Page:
Are we suffering from self-care fatigue? Judging from recent stories in The Atlantic and the Los Angeles Times, it would seem so. “The more overwhelmed and exhausted we get, the more we seemingly owe it to ourselves to pursue ‘wellness,’” writes The Atlantic’s Sophie Gilbert. Yet, the things that can help us achieve wellness, say a nap or a walk, get overlooked because they aren’t marketable in the ways that a weighted blanket or smart watch are. “Self-care through consumption and particular marketed activities can exacerbate stress. If we don’t reach our inner Zen, we blame ourselves,” writes Rina Raphael in the LA Times. One issue is that self-care has increasingly become a solo endeavour whereas social connection is integral to achieving wellness. Instead of buying that next gadget or piece of gear, ask a friend to go for a walk. “Real self-care is not a DIY activity,” Raphael writes.
Start the new year with a breath of really fresh air. As part of parent company Accor’s Beyond Limits experience collection, the Fairmont Banff Springs will be turning the mountainside Cliffhouse Bistro (elevation: 7,000 feet) into an oxygen bar for two weeks in January. Dubbed Haute O2, the bar will play host to just eight guests a day. Along with high-altitude breathwork, there will be a culinary element. “Drawing inspiration from the terroir, featured ingredients will be sourced from local farmers, ranchers and fisheries. Indigenous elements such as Haskap berries, known as the ‘Berry of Long Life,’ and foraged mushrooms will also be woven into the culinary experience, fostering a deeper connection to this incredible landscape,” says Brian Calder, the hotel’s director of sales and marketing.
Haute O2, $499 through allbeyondlimits.com.
Canadian mother-daughter duo Gabriela Schonbach and Amanda June Giannakos launched Movement by NM, a subscription-based fitness app, with the intention of being a space for everyone to feel comfortable with movement. The inclusive offering of classes includes strength training, dance and cardio classes, which range from five to 30 minutes, as well as adaptive classes for those with limited mobility, led by an athlete in a wheelchair, and sessions for those new to movement. With a membership, users also receive a Personal Movement Plan. Paired with a Movement by NM teacher, the plan includes classes specific to individual fitness abilities, goals and schedules. “We are very intentional with the specific exercises and disciplines we give you – daily movement ideas based on your lifestyle, and even relatable articles, films and playlists to keep you inspired to move,” says Giannakos, the company’s creative and managing director.
Movement by NM monthly membership, $15, annual membership, $99 through movementbynm.com.
Green and clean
Briiv, which just launched in Canada, is a Sonos-like take on an air purifier. The sleek unit has a glass top filled with greenery, giving it the look of a futuristic potted plant. But using natural fibres to filter the air, including moss, coconut husk and wood carbon, one Briiv has the same cleansing effect on a room as just more than 3,000 house plants. Because these materials are suitable for composting at home or through municipal waste programs, there’s no HEPA filters to be replaced and disposed of. The unit cleans the air of pollen, mould spores, pet dander and harmful gases like VOCs, and can be paired with a smart home device, like Google or Alexa, for hands-free use.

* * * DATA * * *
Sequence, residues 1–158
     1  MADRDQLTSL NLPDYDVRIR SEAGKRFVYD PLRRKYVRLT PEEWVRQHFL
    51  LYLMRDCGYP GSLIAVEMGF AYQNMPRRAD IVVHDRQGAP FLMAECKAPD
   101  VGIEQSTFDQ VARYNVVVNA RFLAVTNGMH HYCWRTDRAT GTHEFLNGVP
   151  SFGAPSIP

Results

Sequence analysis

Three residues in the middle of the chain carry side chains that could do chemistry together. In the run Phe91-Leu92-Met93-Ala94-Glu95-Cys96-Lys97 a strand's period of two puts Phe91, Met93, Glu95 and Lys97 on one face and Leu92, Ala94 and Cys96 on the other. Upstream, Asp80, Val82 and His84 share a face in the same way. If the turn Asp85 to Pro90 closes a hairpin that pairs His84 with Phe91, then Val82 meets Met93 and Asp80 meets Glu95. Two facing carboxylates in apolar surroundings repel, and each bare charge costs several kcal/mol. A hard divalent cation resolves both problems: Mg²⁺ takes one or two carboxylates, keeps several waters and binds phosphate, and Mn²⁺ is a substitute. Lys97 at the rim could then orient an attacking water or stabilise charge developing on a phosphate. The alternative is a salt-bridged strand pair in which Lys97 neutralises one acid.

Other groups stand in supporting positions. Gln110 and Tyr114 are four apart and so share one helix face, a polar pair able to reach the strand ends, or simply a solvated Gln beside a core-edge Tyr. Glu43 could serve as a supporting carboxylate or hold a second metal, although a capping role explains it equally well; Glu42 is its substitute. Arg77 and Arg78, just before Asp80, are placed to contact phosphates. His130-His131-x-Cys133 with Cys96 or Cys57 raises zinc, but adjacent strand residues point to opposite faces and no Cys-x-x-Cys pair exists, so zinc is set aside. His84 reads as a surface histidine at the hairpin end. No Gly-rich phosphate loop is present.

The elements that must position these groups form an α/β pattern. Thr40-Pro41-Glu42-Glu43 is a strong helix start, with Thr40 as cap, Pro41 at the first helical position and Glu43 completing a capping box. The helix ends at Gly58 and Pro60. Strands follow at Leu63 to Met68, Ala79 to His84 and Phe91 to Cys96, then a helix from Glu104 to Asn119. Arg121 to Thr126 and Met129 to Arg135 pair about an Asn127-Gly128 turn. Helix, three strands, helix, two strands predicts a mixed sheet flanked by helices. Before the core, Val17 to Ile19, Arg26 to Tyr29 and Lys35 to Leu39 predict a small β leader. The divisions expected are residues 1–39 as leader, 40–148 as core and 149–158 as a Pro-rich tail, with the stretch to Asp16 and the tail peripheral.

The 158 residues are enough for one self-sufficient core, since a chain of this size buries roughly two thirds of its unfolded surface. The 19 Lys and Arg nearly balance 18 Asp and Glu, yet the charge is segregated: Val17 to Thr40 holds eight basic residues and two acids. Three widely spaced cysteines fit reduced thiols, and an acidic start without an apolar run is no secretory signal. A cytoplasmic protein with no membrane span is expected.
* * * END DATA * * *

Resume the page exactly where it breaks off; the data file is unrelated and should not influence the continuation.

Briiv air filter, $549.99 through ecomvmt.ca.
At the annual Global Wellness Summit earlier this month, host organization Global Wellness Institute launched a report titled Defining Wellness Policy, a call to action for governments and public organizations to take up the quest for wellness. “Widespread adoption of preventive approaches and healthy lifestyles is essential if we are to address our mounting global health crises and spiralling economic costs. And yet, not everyone has the resources, motivation, knowledge or enabling environment to do so,” write the report’s authors Ophelia Yeung and Katherine Johnston. The global wellness economy is worth US$4.4-trillion, and is increasingly being developed for the wealthiest of consumers. The authors argue that wellness policy can contribute to, among other things, environmental protection, the promotion of locally sourced and developed products and the mitigation of rising health care costs. “In many cases, macro-level policies (such as reducing poverty, stopping armed conflicts, or addressing climate change) will have a greater impact on our health and well-being than policies targeting individual behaviours and community environments,” Yeung and Johnston write.
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